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Energy drink makers must keep up with today’s consumer trends, including clean-label and healthy.
The energy drink of today is a healthier, more mature version of its younger self. Just take a look at how the market has changed.
For one, the market is less diversified than it once was. As mainstream soft drink companies moved in with global brands, the number of players in the energy drink space has shrunk considerably, and the number of global new product launches recorded by Innova Market Insights has fallen consistently over the past five years. Whereas energy drinks accounted for 5% of global soft drink launches in June 2010–2011, energy drinks accounted for just 3.2% of soft drink launches in June 2015–2016. Launch activity remains slightly higher in the U.S., where 4.25% of soft drinks introduced in 2015–2016 were energy drinks.
In order to capture new consumers and retain existing customers, energy drink leaders like Red Bull, Monster, and Rockstar are addressing some of the biggest topline consumer trends today, such as zero-calorie, reduced-sugar, and clean-label.
Companies are also focusing heavily on adding new drink formats and flavors, sometimes with limited or seasonal editions. Recent launches from major players include a new Citron flavor added to the Monster Energy Ultra zero-calorie/zero-sugar line, and a Killer Citrus product in the Rockstar Revolt portfolio. There is also interest in marketing energy drinks that offer the consumer additional health benefits.
As global concerns over high sugar consumption grow, energy drink makers have introduced more reduced-sugar and sugar-free options. Most of the leading players have at least one zero-sugar or zero-calorie product line within their portfolio.
Based on the U.S. energy drinks launches Innova Market Insights recorded in June 2015–2016, 21% of launches featured sugar-free claims (and up to 29% if low-sugar and no-added-sugar claims are also included).
Interest in clean labeling has also grown in recent years. Over one-fifth of energy drinks launches we tracked featured claims related to “naturalness” and/or freedom from additives/preservatives; if organic claims are also included, that percentage rises to nearly 30%.
The use of natural ingredients is also increasing, including options like honey, green tea, and green coffee bean extracts, as well as the traditional favorite, guarana.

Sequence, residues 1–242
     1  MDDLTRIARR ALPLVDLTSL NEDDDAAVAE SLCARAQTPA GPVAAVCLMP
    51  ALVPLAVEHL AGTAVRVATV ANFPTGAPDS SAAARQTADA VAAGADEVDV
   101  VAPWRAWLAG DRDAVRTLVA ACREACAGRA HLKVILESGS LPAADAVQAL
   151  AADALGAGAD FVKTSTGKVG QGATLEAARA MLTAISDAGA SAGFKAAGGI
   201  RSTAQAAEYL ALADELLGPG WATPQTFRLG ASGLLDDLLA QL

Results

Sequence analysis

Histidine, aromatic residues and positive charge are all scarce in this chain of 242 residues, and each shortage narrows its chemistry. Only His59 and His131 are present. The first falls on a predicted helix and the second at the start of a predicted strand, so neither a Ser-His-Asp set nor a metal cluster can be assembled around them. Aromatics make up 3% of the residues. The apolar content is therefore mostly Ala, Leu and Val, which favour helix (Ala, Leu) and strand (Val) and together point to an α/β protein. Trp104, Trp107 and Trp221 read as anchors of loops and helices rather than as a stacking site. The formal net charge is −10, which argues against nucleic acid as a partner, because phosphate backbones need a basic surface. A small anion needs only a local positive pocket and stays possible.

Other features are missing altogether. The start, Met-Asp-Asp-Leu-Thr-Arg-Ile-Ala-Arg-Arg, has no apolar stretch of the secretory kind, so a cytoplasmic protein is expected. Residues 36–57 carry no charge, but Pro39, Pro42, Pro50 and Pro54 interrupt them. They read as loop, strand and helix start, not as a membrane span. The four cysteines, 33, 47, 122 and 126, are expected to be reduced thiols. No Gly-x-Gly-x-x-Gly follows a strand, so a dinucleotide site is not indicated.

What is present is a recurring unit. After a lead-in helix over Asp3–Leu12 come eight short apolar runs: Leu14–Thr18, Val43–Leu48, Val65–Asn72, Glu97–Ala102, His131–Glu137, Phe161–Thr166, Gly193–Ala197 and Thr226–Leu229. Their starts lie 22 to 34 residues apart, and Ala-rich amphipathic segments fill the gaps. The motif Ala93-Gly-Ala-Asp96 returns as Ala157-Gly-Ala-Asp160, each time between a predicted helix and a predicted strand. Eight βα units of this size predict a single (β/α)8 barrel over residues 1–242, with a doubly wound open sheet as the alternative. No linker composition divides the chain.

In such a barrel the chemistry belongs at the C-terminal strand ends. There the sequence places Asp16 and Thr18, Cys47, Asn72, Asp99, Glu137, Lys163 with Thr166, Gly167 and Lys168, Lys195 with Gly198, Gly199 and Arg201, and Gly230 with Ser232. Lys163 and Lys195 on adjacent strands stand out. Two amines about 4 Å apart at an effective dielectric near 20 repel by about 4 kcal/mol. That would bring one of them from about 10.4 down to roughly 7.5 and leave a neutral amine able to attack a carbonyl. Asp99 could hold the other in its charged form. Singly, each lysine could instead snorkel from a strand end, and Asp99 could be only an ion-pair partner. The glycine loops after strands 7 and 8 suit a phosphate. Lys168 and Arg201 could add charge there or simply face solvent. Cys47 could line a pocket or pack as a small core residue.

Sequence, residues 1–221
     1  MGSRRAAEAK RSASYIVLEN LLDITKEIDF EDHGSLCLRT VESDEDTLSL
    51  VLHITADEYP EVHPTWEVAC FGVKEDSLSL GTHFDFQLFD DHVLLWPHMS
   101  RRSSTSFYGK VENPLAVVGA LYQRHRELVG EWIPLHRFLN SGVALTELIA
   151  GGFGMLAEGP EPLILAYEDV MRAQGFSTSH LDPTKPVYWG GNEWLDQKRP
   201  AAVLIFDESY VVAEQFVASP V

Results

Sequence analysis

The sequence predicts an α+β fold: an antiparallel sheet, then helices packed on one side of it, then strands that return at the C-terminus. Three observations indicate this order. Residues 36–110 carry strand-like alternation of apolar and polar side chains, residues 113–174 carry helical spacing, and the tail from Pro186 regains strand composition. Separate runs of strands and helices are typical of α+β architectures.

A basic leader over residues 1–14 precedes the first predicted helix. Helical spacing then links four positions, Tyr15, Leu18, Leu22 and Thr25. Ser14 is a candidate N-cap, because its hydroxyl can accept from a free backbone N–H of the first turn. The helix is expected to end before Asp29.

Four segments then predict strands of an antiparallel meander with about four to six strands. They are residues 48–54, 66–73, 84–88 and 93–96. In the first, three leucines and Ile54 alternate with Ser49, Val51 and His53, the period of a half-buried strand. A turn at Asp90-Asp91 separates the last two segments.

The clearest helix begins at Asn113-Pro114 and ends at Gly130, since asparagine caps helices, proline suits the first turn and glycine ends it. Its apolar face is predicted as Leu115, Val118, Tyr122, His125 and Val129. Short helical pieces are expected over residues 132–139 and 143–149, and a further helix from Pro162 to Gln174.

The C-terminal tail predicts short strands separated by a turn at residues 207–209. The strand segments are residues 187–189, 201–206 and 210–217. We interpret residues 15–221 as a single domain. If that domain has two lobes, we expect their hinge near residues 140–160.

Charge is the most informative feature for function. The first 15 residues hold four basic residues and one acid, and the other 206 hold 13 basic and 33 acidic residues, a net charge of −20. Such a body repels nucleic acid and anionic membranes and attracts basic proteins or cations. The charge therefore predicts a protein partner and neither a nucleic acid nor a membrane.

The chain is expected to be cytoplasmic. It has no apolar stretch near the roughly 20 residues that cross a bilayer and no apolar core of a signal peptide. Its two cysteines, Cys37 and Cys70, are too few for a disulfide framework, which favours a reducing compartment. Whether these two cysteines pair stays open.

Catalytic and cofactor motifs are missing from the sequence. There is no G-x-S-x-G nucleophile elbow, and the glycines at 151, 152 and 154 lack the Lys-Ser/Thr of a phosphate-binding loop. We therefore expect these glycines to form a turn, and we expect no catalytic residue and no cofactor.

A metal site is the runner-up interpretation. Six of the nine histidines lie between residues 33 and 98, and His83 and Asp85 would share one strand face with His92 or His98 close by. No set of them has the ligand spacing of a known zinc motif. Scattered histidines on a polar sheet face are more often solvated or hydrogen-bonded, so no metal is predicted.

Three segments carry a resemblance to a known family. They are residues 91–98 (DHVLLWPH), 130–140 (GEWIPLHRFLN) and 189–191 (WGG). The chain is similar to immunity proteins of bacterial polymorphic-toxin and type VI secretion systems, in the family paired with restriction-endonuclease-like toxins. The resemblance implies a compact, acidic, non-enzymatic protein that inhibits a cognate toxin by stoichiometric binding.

The Starbucks Refreshers energy drink line has traditionally featured caffeine from green coffee beans. In 2016, the company extended the brand with two new lines featuring coconut water, an on-trend ingredient with natural isotonic properties.
The Rocky Mountain High energy drinks brand celebrates a more unusual ingredient in energy drinks-hemp. The company recently extended this product line with a Mango flavor, complete with a low-calorie positioning at just 15 calories per can.
Consumers are also increasingly interested in the energy benefits other types of drinks offer, evidenced by the claims marketers now make related to energy/alertness. Take tea. After energy drinks themselves, iced tea products feature the most energy-related claims, with 13% of launches using this type of positioning.
In the tea category, an interesting launch in the first half of 2016 was PepsiCo’s extension of its Brisk iced tea brand with Brisk MatÃ© Energizing Iced Tea. This on-trend beverage combines Brisk iced tea and the energizing South American plant yerba matÃ©. Another tea brand, the bottled-tea brand Ecoteas, also focused on yerba matÃ© and at around the same time introduced Yerba MatÃ© Lemongrass, Mint, and Hibiscus teas.
Juice drinks are also increasingly making energy claims. Campbell’s V8+ Energy range, for example, focuses on both the fruit and vegetable juice content and the added energy from green tea leaves. The range was extended in early 2016 with three lightly carbonated versions: Blackberry & Cranberry, White Grape & Raspberry, and Orange & Pineapple.
Blurring of Sports, Energy
Within the sports-performance sector, sports and energy products traditionally fulfilled different needs. Today, however, the two categories are now blurring and increasingly compete, particularly as products take a more lifestyle-type positioning, offering convenient refreshment and functionality “on the go.”
The market has opened up whole new areas of opportunity and a focus on other aspects of health, targeting an increasing range of consumers and usage occasions.
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